There's still an ingrained cultural belief that "weight loss is easy" and that those who find difficulty with weight loss have a defect of character that makes them lazy, crazy, stupid, or at the very least, careless.

The research (for thirty years) has been finding more and more proof not only that weight loss is difficult, but some of the reasons why... and yet it's all treated as "controversial" because it's assumed that the results "take the blame" off the obese or overweight person. As if blame were more important than the truth.

I don't care whether my weight is all my fault or none of my fault, I'm stuck being the only person who can be responsible for it, so I've got to do what I've got to do, but I'm more than a little tired of people telling me how "easy" it is or should be to lose weight.

I've done some incredible things in my life and all of them combined (including my bachelor's and master's degree in psychology and my work as a probation officer and substance abuse counselor and then retraining as a computer programer) were a snap compared to sustained weight loss/maintenance.

Ironically the message I've gotten since I was a kindergartener was that hunger was irrelevant and I had to learn to ignore it. I couldn't ignore it, and I thought THAT made me defective. Instead, I had to learn to see hunger (especially what I have come to call "rabid hunger" the hunger associated with pms and high carb intake) as a forbidable adversary. Hunger is my enemy and I need to have a wide range of weapons to fight it.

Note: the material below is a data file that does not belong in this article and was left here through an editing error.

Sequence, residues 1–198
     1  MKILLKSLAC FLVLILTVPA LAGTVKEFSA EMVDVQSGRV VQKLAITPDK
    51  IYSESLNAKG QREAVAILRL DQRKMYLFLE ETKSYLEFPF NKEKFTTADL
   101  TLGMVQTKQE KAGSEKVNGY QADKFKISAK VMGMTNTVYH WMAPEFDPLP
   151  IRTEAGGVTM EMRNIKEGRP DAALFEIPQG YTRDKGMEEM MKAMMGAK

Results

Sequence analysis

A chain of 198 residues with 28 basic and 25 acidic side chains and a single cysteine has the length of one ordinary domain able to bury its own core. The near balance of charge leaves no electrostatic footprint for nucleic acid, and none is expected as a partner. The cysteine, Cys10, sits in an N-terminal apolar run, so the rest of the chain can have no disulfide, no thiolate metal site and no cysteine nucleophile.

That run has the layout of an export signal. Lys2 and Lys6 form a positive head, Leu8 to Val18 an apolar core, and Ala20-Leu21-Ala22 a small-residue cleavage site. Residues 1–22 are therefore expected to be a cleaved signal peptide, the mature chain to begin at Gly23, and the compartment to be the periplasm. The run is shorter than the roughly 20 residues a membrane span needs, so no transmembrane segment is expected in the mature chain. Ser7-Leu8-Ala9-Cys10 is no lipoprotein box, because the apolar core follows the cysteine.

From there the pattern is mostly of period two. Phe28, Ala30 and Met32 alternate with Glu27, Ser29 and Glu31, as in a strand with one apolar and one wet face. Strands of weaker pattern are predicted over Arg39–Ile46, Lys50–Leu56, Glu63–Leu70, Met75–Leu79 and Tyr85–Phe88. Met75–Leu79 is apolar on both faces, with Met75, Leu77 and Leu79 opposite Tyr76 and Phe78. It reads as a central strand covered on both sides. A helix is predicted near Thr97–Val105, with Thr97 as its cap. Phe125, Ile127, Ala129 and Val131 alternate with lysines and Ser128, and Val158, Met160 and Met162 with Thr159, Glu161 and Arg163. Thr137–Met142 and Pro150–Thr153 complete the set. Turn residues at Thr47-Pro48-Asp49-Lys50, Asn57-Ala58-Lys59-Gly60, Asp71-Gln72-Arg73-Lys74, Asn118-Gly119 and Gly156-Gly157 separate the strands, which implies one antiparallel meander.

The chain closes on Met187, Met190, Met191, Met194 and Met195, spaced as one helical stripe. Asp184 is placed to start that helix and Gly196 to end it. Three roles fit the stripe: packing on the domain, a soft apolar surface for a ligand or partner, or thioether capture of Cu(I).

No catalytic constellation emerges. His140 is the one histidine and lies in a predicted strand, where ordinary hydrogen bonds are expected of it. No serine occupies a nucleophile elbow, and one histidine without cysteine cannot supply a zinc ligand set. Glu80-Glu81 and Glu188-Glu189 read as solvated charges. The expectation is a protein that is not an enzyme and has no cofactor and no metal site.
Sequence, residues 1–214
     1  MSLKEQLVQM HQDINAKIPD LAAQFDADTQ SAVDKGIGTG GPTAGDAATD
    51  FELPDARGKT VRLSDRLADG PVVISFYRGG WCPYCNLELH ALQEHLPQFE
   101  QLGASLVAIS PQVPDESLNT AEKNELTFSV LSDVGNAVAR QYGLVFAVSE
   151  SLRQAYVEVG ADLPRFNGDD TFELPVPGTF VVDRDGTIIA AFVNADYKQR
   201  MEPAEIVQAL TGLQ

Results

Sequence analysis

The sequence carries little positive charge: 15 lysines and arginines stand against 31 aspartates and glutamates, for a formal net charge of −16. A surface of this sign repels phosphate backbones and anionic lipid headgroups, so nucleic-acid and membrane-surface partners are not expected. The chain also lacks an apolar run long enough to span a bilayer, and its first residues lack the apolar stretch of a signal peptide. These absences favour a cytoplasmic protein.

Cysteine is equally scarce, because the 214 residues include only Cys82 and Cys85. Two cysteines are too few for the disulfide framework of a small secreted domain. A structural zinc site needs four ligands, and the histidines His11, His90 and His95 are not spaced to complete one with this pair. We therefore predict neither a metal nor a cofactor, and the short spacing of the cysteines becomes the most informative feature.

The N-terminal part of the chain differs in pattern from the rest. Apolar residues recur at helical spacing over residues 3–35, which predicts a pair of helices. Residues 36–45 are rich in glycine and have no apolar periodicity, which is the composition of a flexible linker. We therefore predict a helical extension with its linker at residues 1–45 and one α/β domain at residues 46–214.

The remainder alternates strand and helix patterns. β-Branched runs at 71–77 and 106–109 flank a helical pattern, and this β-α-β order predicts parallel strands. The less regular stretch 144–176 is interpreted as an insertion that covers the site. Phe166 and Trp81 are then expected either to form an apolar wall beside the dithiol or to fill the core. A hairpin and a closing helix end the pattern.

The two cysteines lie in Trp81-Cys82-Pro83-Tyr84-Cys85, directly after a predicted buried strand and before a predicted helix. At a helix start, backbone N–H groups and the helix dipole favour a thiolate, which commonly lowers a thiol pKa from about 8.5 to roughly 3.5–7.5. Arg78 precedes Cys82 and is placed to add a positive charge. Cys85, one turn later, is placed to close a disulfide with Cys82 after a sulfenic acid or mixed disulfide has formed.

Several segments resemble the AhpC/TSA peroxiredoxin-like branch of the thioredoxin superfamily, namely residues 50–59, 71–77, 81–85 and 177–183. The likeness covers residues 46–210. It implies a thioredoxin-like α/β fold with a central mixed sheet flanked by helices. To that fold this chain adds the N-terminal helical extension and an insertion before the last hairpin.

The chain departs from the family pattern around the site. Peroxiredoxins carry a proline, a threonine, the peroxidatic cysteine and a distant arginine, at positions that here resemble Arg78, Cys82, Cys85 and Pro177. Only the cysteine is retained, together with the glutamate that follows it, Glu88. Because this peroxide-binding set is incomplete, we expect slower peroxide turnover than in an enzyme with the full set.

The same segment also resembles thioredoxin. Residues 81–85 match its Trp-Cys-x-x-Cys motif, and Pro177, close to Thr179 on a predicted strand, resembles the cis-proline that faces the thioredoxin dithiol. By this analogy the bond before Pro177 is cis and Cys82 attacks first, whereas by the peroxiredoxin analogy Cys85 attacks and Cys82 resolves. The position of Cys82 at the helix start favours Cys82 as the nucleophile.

Hunger isn't irrelevant, and sometimes beating hunger means outsmarting it (eating high-fiber low-calorie foods with lots of bulk, avoiding the flavor and food triggers that increase hunger like very sweet foods, the sweet/salt/fat combination talked about in the book The End of Overeating...


I think one of the main reasons weight loss success statistics are so dismal, is that as a culture we don't take it seriously enough. We assume weight loss failulre is due to defects in character and lack of effort rather than the truth "this stuff is damned difficult." It's especially difficult to do alone, and there's been a culture of shame that results in few people seeking help (at least not until the problem has gotten exponentially worse).

I would love to see TOPS and similar weight loss and weight loss maintenance groups in the grade schools, and every single currently or formerly obese or overweight person in such a group and not ashamed of it.

I'd love for weight issues to stop being connsidered "dirty little secrets" (especially since they're not really secret at all).

And now I'm really getting off topic, but I do think that the best thing to happen in the field of weight loss is for the subject to be less taboo. I think the weight loss research lags behind other fields of study because of the controversy.